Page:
MLAltherMDS is pleased to introduce Marylouise Alther, who will be serving as Family Education and Support Coordinator for MDS. This is a new position that will focus on the families and individuals supported by MDS. Family Education & Support Coordination supports legislative and advocacy efforts for families and individuals who are served by Monadnock Developmental Services and the Region V MDS Family Council.

Marylouise will be reaching out to families in our region in coming months. Her role at MDS is to:
* Build relationships with MDS individuals, families and legislators.
* Keep track of legislation that directly affects MDS families.
* Share legislative and other advocacy information with families.
* Meet with legislators to:
                   * Encourage them to learn more about MDS and other organizations who support people with disabilities.
                   * Show legislators how their decisions affect our families.
Marylouise lives in Keene with her husband, her grandson and two cats. Previously she was Director of Volunteers at Cheshire Medical Center and Director of Volunteers for Hospice of Cheshire County. Marylouise looks forward to meeting with you!

Contact:
Marylouise Alther
Family Education & Support Coordinator
This email address is being protected from spambots. You need JavaScript enabled to view it.
603-352-1304 ext 247 or 603-313-8693
MDS, 121 Railroad St, Keene NH 03431

 

At age 21, after school graduation, an individual with developmental or related disabilities is not guaranteed services. Fortunately, historically in New Hampshire, there has been a great partnership between parents of those with disabilities and our policymakers. In the past this included the assurance that resources for continued services would be appropriated in the State budget for those 21 and older.

As background, in 2007, Rep. Cindy Rosenwald, a Democrat from Nashua, and Rep. Peter Batula, a Republican from Merrimack, championed this cause for ensuring continued services through Senate Bill 138. The bill required that appropriate funds for continued care be placed in the budget every two years.Individuals with developmental disabilities and their families fought hard for the bill’s passage. Their advocacy was successful. Governor Lynch signed SB 138, thusassuring that the Legislature would appropriate funds in every budget cycle necessary to provide services to those with developmental disabilities.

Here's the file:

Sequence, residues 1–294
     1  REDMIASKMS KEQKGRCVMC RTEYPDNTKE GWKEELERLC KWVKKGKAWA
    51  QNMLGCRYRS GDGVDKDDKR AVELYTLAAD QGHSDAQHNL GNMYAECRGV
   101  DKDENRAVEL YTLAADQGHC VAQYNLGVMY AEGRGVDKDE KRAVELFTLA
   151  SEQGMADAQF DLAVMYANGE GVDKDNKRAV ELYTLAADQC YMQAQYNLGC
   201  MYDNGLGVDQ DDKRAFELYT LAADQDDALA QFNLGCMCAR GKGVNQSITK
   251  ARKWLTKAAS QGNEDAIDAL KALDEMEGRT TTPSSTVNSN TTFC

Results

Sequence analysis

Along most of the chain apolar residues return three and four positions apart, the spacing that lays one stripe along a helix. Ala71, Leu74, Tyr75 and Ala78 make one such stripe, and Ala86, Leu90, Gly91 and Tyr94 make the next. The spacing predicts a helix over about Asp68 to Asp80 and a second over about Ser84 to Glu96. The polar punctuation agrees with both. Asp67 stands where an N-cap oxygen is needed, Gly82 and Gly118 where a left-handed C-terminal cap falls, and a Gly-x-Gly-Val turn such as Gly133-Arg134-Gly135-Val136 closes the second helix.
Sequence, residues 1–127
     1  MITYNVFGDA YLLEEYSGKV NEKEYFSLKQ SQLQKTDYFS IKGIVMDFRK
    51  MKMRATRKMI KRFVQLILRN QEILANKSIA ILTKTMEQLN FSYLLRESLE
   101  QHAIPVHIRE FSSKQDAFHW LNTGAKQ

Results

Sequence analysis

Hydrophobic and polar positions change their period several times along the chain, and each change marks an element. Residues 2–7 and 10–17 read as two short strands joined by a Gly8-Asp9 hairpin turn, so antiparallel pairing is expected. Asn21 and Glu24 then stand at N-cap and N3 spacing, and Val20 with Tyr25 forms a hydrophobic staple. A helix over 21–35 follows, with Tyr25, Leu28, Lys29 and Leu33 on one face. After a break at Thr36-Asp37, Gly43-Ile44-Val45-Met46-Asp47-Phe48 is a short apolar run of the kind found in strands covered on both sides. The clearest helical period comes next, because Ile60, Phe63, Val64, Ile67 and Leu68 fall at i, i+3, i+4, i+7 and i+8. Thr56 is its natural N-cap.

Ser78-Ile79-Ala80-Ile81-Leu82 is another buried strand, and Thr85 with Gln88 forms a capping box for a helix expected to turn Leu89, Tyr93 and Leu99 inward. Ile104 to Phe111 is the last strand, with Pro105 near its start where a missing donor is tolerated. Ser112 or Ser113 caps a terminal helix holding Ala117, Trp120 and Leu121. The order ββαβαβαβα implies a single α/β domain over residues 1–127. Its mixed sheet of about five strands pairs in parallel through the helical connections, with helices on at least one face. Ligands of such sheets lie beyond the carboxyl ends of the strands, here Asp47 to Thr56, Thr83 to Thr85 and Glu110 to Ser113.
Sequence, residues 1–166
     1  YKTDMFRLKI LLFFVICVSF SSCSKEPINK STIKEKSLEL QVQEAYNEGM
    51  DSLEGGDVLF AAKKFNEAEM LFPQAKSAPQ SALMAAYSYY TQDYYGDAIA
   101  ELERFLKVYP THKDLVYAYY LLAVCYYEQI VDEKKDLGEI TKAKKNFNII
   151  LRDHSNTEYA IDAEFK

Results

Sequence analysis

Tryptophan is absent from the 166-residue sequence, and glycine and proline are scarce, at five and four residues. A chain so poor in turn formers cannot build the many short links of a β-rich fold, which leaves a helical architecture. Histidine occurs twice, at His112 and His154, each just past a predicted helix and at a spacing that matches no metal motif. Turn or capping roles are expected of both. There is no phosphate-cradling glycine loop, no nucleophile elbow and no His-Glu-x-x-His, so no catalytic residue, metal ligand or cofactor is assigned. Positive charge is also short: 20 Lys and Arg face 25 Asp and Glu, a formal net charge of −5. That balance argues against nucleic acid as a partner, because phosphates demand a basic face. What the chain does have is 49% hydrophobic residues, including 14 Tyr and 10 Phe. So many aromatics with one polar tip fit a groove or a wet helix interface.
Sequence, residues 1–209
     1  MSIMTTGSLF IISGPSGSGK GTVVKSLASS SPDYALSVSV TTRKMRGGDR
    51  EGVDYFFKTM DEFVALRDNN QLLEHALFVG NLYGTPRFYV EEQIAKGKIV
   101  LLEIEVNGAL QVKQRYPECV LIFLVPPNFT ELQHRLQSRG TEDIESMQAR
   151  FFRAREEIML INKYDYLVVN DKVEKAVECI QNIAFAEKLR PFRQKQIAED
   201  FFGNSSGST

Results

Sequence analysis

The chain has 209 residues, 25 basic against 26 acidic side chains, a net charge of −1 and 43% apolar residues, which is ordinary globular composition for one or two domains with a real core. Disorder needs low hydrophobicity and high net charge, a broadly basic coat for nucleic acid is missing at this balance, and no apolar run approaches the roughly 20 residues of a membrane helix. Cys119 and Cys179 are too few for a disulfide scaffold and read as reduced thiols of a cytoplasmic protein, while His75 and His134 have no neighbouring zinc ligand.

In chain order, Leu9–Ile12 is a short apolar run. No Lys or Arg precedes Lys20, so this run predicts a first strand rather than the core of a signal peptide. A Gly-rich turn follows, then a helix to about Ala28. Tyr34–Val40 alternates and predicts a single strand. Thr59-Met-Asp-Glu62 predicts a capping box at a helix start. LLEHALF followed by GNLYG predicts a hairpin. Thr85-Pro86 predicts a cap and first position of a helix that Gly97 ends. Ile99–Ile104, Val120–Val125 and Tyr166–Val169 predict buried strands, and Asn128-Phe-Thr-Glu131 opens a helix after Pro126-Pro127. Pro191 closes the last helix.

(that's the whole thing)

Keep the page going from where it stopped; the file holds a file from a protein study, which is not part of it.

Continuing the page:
Unfortunately, shortly after this, the Great Recession hit. The Legislature put through an amendment to SB 138 during this recession that guaranteed the funding only if the state budget had what the Legislature considered adequate resources. Since then, some level of funding has been given to provide continued service to those who turn 21. However, the funds don’t cover all individuals who need services; thus, a“waiting list” for the Wait List is now in place. The statewide Wait List budget is insufficient for current and projected needs. Without additional funds, New Hampshire will have record numbers of people still on the Wait List by the end of this current biennium (June 2019).

The New Hampshire state budget is created every two years. During this last legislative session, the legislature did appropriate new dollars to support people waiting for services. We, and the families we serve, are grateful. However, the number of individuals who need services continues to grow. As of January of this year, 170 individuals across the state with developmental disabilities are waiting for services.

Here in the Monadnock region, as of early March we have 30 individuals who currently are not getting served, and 23 more who will need our services in 2019. We are working with the Bureau of Developmental Services at DHHS, communicating these numbers and our concerns for those who need services.
Although there is no guarantee, the staff at MDS try to reassure individuals and their families that we are working to get funding. The reality is that after turning 21 they may have to wait. This is a state-wide problem; the state’s Bureau of Developmental Services projects that 316 individuals across New Hampshire with developmental disabilities will not receive the services they need without additional funding.

In the last few months families and area agency representatives have continued to discuss this issue with legislators. Last month, Rep. Rosenwald tried to bring forth legislation to address the waiting list funding, so the issue could be debated by both Republican and Democratic leadership. The Republican leadership of the New Hampshire House refused to allow the amendment to move forward. Meanwhile Sen. Jeb Bradley has also brought forth legislation to address the waiting list.

If we don’t get additional funds, we run the very real risk of leaving vulnerable people without the services they desperately need. That is not what the people of New Hampshire had in mind for supporting people with developmental disabilities.

We are hopeful that our legislators, both Republican and Democrat, in both the House and Senate, will find a way to increase resources this year to help support those currently waiting for services. Individuals need these supports and services.

We will continue to keep you posted as things progress. Your advocacy efforts make a significant difference in helping our state legislators understand the consequences of Wait List underfunding. It is families who bear the brunt, and your voices have the most impact.

Caring for people is neither a Democratic or Republican issue, rather it is an issue for all of us. “People Can’t Wait.”

How is the Wait List built?
The Wait List number is an evolving and revolving number. New additions come on to the list as new or additional needs arise, and reductions are made to the totals as people begin to receive funding or are no longer in need of services.

For Wait List additions, there are three types of situations that are identified.